Visually stunning, thematically complex, Blade Runner 2049 is maddeningly close to a classic.
And, crucially, the future it depicted was in no sense utopian – or even especially Western, for that matter. On the contrary, its filthy, claustrophobic, polyglot vision of Los Angeles seemed to presage something that today, just two years from that imagined future, we take more or less for granted: the inevitability of American decline. John W Campbell would have fucking hated it.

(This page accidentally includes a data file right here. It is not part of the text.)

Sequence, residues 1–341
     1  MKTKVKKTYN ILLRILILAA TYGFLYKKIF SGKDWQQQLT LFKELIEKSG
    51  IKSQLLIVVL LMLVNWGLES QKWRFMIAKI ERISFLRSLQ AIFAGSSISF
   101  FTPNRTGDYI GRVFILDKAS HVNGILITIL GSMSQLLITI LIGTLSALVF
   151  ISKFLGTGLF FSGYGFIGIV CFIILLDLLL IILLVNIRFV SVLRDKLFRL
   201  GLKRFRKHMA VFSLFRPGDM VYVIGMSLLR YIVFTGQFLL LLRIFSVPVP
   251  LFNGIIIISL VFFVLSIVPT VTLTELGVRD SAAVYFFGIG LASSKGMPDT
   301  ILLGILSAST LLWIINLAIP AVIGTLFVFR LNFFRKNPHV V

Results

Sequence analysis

As you might imagine, news of a sequel filled me with foreboding – not least because of the likely participation of Ridley Scott, whose recent output has ranged from the perfunctory (The Martian, Alien: Covenant) to the abysmal (Prometheus). His last significant achievement was Black Hawk Down, a problematic but undeniably thrilling spectacle that in abstracting its narrative to a barrage of fragmentary impressions, and largely dispensing with character, dialogue and backstory, came about as close to the nebulous concept of “pure cinema” as any mainstream feature I’ve ever seen. But that was 16 years ago. For a time it looked like Scott would do to this story what he did to the Alien franchise: expand its mythology, cheapen its mysteries – all in lockstep with some of the worst screenwriting of our age. But then 2015 brought an unexpected saviour, in the form of French-Canadian director Denis Villeneuve. He was about to deliver the excellent Sicario, which he would follow, a year later, with the even more impressive Arrival – not only the finest first-contact movie ever made, but a work whose cool, rather cerebral sensibility felt precisely attuned to the spirit of the New Wave. (Indeed, its focus on the relationship between linguistic theory and perceived reality seemed to have been ripped directly from Delany’s